Luc Hächler is a map man. “They have great potential for communicating information and in political decision-making,” he says, “especially in the climate and environmental fields.” He sees geospatial data as an important support for helping people in need and addressing challenges such as coping with climate change. What fascinates him most: Analyzing geodata, questioning it and presenting it in the form of maps. At the moment, he is doing this in his civil service at the Federal Office for the Environment (FOEN), where he is using GIS analyses to produce land use maps to support water protection.
Luc Hächler recently earned a master’s degree in climate science. Now he wants to combine the knowledge he gained there with geoinformation, because that’s where his background lies. At an engineering firm, he did an apprenticeship as a topographer. That involved capturing and processing spatial data, but today Luc Hächler is more interested in analyzing it. For example, for his bachelor’s thesis at the University of Bern, he studied geography and sustainable development. As part of his thesis, he linked and analyzed satellite data of forest cover in Myanmar. Title: “Big data as a chance for multiple evidences in decision-making”.
A curious student
For his master’s degree, Luc Hächler took some time off from working with geoinformation. Because what he was looking for in the Climate Master was the chance to broaden his horizons: “I chose this field out of pure interest and because I wanted to understand how the climate system works and interacts with humans and the environment.” What he particularly liked was the wide range of subjects as well as studying topics from different perspectives. The courses in climate economics or environmental law, for example, were a “huge challenge” for him, he said. “It made me feel like a tourist in a foreign country.”
But Luc Hächler didn’t just want to learn about new things; he also wanted to experience how cutting-edge research works. That’s why he chose a master’s thesis topic that falls under “fancy science”, as he puts it. He used sophisticated methods to analyze how past climate fluctuations and land-use changes affected the productivity and mixing of lakes. Specifically, he used the spectral fingerprint of specific pigments to measure their concentration in lake sediments. Among other things, he determined the concentration of chlorophyll, which are an indicator of lake productivity because algae use chlorophyll for photosynthesis. He was able to demonstrate that over the past 18,000 years, warmer conditions led to higher productivity as well as more anoxic conditions in the lake he studied. Less oxygen reached deeper layers, which potentially affected the living conditions of flora and fauna. He also found that land use had a large influence on the processes in the lake.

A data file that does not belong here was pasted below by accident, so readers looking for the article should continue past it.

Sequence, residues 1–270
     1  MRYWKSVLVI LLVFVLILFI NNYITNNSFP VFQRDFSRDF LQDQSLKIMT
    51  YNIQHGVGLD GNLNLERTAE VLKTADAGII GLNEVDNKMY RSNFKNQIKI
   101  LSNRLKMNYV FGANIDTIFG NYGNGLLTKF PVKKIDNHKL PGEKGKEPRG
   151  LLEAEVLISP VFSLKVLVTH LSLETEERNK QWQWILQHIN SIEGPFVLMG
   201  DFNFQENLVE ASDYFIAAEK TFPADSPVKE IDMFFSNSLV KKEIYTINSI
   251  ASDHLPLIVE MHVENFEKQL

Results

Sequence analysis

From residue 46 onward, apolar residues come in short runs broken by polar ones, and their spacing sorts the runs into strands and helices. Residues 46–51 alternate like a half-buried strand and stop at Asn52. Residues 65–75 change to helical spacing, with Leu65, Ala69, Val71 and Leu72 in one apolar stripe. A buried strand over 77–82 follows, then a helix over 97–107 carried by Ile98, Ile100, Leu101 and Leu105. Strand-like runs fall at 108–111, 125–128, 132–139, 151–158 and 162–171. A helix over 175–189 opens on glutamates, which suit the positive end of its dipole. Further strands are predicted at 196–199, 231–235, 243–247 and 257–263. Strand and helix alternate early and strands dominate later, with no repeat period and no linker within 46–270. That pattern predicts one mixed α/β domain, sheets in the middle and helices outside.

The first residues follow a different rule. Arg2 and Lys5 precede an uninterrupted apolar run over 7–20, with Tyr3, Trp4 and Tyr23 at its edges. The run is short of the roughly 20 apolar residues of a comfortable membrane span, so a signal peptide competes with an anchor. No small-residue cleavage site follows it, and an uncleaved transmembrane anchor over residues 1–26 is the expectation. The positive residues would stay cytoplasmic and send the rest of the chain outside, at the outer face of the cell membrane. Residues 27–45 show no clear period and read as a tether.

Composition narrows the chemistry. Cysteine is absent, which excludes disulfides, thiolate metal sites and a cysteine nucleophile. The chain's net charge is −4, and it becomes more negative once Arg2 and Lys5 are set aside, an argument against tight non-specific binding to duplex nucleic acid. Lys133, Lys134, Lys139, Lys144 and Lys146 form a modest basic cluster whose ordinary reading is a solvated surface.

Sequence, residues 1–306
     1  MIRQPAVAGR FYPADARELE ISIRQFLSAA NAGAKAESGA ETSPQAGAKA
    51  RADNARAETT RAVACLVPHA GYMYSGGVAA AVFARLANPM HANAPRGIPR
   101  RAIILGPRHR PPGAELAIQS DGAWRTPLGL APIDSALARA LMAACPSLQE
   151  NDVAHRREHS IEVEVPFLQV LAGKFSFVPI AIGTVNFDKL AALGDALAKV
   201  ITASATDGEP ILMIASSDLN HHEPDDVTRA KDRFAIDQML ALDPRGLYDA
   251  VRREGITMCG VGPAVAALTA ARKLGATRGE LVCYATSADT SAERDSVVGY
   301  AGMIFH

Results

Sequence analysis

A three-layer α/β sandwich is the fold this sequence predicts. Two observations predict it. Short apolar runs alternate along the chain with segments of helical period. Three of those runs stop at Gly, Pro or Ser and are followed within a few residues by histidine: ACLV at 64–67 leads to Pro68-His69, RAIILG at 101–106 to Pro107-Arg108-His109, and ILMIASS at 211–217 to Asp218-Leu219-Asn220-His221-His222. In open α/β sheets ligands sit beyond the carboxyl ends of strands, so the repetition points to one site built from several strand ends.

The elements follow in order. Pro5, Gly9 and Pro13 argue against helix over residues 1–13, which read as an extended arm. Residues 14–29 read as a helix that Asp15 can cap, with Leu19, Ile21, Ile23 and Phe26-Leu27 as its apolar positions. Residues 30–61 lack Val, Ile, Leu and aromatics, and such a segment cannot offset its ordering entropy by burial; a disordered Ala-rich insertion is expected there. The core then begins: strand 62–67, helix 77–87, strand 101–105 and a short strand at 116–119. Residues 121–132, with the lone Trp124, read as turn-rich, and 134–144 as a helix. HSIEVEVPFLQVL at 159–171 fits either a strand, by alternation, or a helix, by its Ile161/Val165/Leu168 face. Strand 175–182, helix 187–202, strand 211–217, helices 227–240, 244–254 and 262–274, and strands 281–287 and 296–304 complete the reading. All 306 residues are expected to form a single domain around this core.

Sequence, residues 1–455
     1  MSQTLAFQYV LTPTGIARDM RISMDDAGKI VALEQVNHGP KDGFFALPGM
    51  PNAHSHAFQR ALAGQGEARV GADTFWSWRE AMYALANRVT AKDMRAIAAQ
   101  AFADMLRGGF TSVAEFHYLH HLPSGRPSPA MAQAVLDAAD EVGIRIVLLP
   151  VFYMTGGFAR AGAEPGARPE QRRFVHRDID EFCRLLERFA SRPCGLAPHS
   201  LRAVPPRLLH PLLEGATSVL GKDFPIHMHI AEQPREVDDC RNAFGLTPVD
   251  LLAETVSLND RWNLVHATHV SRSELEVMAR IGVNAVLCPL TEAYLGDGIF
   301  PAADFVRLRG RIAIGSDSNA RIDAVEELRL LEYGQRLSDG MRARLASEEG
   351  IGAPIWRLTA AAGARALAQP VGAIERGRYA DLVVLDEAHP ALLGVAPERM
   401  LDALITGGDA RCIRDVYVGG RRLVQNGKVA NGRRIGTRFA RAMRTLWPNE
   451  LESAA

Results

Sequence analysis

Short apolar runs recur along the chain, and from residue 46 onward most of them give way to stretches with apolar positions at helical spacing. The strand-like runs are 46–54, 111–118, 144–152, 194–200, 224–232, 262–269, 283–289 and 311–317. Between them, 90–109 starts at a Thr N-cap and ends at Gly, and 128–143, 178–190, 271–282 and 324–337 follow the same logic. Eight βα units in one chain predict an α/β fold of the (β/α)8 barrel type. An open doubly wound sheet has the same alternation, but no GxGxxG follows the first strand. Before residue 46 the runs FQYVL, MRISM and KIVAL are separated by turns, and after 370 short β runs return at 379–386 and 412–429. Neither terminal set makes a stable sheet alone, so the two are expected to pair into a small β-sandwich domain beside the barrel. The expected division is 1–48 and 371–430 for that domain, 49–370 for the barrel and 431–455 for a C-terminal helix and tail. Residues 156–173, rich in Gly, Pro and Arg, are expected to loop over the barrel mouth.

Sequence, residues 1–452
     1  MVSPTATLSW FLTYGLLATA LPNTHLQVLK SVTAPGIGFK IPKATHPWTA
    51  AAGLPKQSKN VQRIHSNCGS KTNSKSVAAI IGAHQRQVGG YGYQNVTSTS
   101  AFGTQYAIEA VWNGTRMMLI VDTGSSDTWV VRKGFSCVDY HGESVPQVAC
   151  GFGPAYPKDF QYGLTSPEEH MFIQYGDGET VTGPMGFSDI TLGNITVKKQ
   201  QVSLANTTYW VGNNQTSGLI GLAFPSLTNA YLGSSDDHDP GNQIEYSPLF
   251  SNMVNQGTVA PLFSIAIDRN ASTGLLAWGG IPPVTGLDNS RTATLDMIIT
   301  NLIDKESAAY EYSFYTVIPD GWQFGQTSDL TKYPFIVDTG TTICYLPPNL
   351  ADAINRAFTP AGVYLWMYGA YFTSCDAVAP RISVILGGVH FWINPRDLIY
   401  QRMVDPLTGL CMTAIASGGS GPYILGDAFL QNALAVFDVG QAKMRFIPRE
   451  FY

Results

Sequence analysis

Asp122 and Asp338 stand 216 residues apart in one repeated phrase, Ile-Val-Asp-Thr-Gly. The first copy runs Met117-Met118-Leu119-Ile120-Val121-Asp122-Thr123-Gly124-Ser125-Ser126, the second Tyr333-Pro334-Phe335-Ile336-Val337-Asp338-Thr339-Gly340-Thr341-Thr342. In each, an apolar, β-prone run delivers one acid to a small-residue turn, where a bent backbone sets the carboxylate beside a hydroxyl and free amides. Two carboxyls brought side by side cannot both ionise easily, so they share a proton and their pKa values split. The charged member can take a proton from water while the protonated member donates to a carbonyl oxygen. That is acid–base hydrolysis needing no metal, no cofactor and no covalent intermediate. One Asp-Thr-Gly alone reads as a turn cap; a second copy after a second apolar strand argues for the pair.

Stepping into the workforce
As exciting as this detour into research was, Luc Hächler did not want to prolong it. Writing a dissertation didn’t appeal to him. “Sooner or later, you have to immerse yourself in the workforce,” he says. That’s why he would have seen a PhD project as merely delaying that moment. And he is convinced that he can make more of a difference in practice. He has known for some time where he wants to go professionally: He is currently looking for a job that involves analyzing geodata in order to develop a fact-based foundation for decisions in the environmental and climate field.
Nonetheless, the temporary climate scientist is pleased with his master’s degree. “I totally got my money’s worth,” he says, “it was mega cool to be able to look into all these subjects and learn about all the facets of climate change.” And what’s more, he says, he gained skills in his studies that will definitely benefit him in his professional life – like scientific writing and working with statistics. However, Luc Hächler was particularly excited about exploring all the new subjects. He took as many courses as he could – and earned far more ECTS points [credits] than he actually needed for his degree.